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It all depends on the type of snow, wind and your surroundings. With wet snow you can usually throw it as high and as far as you like without any problems. With dry fluffy snow you typically want to have it airborne as little as possible, especially if there is wind or else you will look like a snowman. There are times that I angle the spout down to only shoot the snow over a few feet at a time.

Another use is for obstacles. Cars, windows, mailbox, etc. There are times when it seems I have to re-adjust the chute and spout every few feet. That wasn't too bad on the old walk-behind as I only had to reach forward slightly and manually adjust the spout. But it would be a major PITA if I had to get off the tractor and adjust the spout by hand.

The electric actuators are nice but I've been using the factory cable actuator on my 2720 for a few years now and it works fine too.
I agree with Jgayman, I use it all the time. I also adjust it to blow the snow directly in front of the blower to accommodate wind direction. I too just have the manual adjustment.
 

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Tutorial needed

I would love to have a seperate thread with a tutorial on using relays. Most of us on here have a limited knowledge on these and we are never to old to learn. Thanks for your time and offer. :bigthumb:
 
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Relays are amazing little devices that can do so much if you really understand them. If you're interested, I'd be happy to whip up a tutorial on how they work and how to use them.
Great write up, and if you have the time to put the tutorial together, I'd certainly love to learn more.

Thank you.
 

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I would love to have a seperate thread with a tutorial on using relays. Most of us on here have a limited knowledge on these and we are never to old to learn. Thanks for your time and offer. :bigthumb:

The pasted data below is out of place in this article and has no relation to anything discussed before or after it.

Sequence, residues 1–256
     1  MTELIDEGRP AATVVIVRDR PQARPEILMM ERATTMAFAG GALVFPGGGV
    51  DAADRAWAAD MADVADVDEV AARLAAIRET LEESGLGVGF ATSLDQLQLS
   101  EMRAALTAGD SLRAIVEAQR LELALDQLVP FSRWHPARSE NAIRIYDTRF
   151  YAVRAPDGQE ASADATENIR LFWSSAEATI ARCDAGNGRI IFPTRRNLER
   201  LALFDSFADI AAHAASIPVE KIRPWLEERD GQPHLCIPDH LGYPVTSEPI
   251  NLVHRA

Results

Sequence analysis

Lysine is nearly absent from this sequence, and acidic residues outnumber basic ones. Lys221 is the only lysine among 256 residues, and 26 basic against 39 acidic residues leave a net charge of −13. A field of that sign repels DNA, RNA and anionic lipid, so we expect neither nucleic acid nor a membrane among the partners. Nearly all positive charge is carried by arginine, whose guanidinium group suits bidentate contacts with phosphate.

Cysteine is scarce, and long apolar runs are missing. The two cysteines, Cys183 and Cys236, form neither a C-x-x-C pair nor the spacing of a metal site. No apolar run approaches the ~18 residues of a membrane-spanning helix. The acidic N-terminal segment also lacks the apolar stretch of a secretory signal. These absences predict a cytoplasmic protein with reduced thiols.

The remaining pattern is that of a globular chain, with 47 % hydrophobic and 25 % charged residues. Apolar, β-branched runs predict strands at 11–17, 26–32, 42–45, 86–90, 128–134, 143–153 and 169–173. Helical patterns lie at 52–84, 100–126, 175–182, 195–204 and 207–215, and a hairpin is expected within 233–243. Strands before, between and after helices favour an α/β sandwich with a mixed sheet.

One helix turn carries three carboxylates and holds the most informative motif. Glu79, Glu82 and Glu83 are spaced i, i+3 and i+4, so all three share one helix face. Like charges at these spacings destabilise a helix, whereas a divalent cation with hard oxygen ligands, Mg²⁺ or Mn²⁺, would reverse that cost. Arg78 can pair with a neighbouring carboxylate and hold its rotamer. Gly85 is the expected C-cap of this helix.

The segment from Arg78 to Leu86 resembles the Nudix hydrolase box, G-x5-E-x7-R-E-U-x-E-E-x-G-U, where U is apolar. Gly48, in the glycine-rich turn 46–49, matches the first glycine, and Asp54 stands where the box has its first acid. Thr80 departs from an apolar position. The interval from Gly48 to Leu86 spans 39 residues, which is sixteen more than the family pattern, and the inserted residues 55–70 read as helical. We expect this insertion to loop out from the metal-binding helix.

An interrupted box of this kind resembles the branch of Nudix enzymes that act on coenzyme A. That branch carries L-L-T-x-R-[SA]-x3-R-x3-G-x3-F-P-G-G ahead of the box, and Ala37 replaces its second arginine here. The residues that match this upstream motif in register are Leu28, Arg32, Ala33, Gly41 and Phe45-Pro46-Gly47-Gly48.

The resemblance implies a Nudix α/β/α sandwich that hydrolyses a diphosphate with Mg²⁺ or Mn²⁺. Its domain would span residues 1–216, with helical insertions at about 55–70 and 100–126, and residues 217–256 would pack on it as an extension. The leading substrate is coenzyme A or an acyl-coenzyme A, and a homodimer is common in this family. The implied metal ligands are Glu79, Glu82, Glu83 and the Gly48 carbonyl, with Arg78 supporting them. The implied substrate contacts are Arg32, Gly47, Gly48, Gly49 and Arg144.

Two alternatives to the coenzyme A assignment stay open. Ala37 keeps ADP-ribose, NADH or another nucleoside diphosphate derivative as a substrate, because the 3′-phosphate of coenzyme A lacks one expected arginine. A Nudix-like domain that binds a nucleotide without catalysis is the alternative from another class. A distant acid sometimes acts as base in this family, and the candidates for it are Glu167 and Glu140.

Great write up, and if you have the time to put the tutorial together, I'd certainly love to learn more.

Thank you.
Guys,

You can start here, we have some good information in the Library. Never mind the headers, this stuff goes back to the beginning of GTT time.

Your Tractor Electronics
 
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Never mind the headers, this stuff goes back to the beginning of GTT time.
Ahhh... that would explain the references to stone tablets and oil lamps.
 
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Discussion Starter #16
I would love to have a seperate thread with a tutorial on using relays. Most of us on here have a limited knowledge on these and we are never to old to learn. Thanks for your time and offer. :bigthumb:
Great write up, and if you have the time to put the tutorial together, I'd certainly love to learn more.

Thank you.

Done. Follow the link below given by Randy. Thanks Randy...!! :thumbup1gif:

I moved this post Information On Relay Switches per the OP's request.
 

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Thanks for the post on relays!! It has a lot of info. Still a little confused but I have watched YouTube videos and it starting to sink in this 63 year old hard head. One quick question. The reason for the two relays is one for power going out and one to retract?? Correct?? Thanks again :bigthumb::bigthumb:
 

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Thanks for the post on relays!! It has a lot of info. Still a little confused but I have watched YouTube videos and it starting to sink in this 63 year old hard head. One quick question. The reason for the two relays is one for power going out and one to retract?? Correct?? Thanks again :bigthumb::bigthumb:
Yes, one to latch power for each direction. Optionally you could also use a single double throw, double pole (DPDT) relay or really simplify it and use a DPDT switch and forgo the relay altogether.
 
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Discussion Starter #19 (Edited)
Thanks for the post on relays!! It has a lot of info. Still a little confused but I have watched YouTube videos and it starting to sink in this 63 year old hard head. One quick question. The reason for the two relays is one for power going out and one to retract?? Correct?? Thanks again :bigthumb::bigthumb:
Yes. Relay 1 makes the actuator go up, Relay 2 makes it go down. It' complicated, but actually kind of simple if you can visualize the current paths. Let's add some color and animation to the schematic. We'll use Red to show us all parts of the circuit that have +12 volts, and Black to show us all parts of the circuit that are at ground (- 12 volts).

Pay close attention to the state of the Switches, and the state of the Relays.


When the Joystick is in its REST position, our circuit looks like this:



--------------------------------------------------------------------------------------------------------------------------------------------------------------------------------------------------------------------------------